Arizona Attorney Suing Businesses Over ADA Violations — Again

By Will Stone
Published: Tuesday, November 28, 2017 - 11:15am
Updated: Thursday, November 30, 2017 - 3:59pm

An Arizona attorney who sued hundreds of local businesses for violating state protections for those with disabilities is back at it.

Peter Strojnik, who represented a controversial nonprofit called AID, has so far filed 59 new lawsuits against local hotels and motels on behalf of a man from Casa Grande for a range of violations of the Americans with Disabilities Act (ADA).

This comes not longer after Strojnik settled a long running legal battle with the Arizona Attorney General over more than a thousand lawsuits against Arizona businesses for allegedly violating the Arizonans with Disabilities Act. That deal restricts the group from filing anymore such lawsuits in state court, but it does not prohibit Strojnik from suing in federal court under the ADA.

“It’s an industry wide problem. I don’t know if I can sue the whole industry or what. I don’t think I can,” Strojnik said.

He argues these new lawsuits are “to make sure the hotels once and for all start complying with the ADA.”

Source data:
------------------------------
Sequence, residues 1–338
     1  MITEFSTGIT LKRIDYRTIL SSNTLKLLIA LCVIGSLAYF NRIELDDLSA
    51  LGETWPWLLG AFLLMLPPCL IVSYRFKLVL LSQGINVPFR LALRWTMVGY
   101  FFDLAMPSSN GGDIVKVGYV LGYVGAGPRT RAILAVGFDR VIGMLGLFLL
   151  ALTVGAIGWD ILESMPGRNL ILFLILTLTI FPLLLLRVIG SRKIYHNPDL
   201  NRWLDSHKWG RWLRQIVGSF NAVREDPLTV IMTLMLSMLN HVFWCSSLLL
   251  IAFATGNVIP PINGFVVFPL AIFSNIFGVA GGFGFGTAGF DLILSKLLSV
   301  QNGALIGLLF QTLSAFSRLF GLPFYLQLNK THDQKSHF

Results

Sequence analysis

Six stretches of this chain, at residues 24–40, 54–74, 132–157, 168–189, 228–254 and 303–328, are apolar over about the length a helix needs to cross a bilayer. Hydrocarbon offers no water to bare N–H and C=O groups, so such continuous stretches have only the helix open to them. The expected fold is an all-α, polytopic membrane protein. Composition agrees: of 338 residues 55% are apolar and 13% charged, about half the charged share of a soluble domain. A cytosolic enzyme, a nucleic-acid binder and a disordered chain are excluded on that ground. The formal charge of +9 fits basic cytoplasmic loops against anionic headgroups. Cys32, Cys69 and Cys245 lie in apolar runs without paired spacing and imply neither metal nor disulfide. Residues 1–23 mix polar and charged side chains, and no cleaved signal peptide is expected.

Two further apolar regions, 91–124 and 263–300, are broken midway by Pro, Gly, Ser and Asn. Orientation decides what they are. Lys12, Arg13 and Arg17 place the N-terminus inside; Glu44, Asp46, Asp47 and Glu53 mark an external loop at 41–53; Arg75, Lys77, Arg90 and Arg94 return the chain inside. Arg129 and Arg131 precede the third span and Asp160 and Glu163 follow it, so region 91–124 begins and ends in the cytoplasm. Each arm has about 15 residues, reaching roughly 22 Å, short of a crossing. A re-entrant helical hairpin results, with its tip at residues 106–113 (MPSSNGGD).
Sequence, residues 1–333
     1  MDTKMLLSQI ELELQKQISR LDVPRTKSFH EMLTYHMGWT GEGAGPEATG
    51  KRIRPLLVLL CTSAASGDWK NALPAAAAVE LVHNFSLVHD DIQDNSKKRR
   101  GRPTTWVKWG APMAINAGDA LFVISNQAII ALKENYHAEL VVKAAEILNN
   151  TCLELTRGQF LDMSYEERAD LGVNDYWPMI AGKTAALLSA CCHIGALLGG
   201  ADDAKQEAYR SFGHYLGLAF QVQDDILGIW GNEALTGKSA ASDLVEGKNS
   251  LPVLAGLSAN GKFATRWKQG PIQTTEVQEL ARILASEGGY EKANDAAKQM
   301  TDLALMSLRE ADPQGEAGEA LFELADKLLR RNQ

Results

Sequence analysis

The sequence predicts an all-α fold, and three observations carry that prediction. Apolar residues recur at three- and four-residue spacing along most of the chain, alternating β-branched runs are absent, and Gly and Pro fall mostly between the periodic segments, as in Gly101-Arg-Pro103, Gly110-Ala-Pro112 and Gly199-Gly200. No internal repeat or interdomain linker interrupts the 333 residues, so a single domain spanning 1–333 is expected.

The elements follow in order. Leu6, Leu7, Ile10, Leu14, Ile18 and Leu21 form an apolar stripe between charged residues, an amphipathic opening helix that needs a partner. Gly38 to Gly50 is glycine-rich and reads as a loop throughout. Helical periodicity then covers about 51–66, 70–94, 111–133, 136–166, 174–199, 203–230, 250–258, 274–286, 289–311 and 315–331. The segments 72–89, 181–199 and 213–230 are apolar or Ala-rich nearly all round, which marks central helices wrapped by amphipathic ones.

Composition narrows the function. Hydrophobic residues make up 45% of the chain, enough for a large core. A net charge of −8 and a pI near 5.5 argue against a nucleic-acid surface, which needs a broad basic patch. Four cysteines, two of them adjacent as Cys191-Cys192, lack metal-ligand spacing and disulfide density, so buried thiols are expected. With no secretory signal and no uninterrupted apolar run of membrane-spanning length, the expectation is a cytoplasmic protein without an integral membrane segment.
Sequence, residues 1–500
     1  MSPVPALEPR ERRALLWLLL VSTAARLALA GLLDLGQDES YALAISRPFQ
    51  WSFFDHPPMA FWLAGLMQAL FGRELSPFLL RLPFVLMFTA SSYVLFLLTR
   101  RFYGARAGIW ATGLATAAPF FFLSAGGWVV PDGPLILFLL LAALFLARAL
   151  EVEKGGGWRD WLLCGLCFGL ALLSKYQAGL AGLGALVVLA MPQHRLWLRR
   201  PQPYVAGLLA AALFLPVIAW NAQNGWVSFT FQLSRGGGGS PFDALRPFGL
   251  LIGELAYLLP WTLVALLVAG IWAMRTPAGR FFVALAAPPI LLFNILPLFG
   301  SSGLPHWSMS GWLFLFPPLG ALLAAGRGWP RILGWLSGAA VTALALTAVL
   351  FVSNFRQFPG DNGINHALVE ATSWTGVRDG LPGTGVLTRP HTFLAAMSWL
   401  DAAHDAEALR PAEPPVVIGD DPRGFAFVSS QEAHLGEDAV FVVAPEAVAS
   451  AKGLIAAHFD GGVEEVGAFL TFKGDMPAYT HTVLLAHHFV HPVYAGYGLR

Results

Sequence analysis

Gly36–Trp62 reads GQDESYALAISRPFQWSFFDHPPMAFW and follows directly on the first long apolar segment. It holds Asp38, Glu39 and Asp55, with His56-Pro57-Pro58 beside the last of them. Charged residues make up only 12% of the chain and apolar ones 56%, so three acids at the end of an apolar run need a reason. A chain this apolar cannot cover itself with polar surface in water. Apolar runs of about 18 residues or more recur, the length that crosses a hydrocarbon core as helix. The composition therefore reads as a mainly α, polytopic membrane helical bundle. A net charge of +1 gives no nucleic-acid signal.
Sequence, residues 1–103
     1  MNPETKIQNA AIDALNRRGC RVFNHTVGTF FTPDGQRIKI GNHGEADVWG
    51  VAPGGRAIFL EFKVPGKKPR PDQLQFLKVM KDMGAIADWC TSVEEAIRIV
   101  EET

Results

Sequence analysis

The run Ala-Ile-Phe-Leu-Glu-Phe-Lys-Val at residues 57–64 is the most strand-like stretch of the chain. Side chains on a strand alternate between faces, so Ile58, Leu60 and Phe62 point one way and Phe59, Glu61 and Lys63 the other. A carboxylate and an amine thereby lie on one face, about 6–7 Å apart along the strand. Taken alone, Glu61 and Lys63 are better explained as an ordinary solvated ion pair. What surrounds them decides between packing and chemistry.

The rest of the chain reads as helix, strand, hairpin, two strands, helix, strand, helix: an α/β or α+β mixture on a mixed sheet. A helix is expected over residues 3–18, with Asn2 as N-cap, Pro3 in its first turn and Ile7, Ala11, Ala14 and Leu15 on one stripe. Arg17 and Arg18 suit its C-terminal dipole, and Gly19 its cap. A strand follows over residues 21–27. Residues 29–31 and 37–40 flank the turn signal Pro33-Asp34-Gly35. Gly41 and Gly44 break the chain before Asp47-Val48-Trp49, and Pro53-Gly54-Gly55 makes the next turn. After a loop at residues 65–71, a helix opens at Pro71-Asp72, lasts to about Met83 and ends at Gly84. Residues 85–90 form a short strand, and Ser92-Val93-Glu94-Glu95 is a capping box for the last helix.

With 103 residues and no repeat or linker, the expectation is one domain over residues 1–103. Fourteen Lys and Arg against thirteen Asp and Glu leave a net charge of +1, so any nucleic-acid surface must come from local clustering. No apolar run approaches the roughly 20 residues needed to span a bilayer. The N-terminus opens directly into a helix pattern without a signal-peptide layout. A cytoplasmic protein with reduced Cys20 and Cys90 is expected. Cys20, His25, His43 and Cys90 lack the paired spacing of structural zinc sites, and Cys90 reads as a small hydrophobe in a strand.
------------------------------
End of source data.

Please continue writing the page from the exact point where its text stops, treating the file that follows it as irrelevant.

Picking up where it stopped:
Strojnik said the cases are no longer associated with AID and that he is no longer doing them pro-bono, which he said he did when representing the nonprofit.

Representing more than a dozen of those hotels is Lindsay Leavitt, an attorney with Jennings, Strouss & Salmon. Leavitt also fought Strojnik in court over the last spate of lawsuits.

He said his clients are frustrated, especially those that have been sued before for similar issues.

“In some of their cases, this is the second or third time they’ve been sued by a serial plaintiff, each of the serial plaintiffs is represented by the same attorney,” Leavitt said. “They’re getting hit up what it seems like every year.”

Pushback from the business community over the lawsuits even prompted state lawmakers this past legislative session to change state law so businesses have an opportunity to correct violations before being sued. Those changes only apply to the state law, though.

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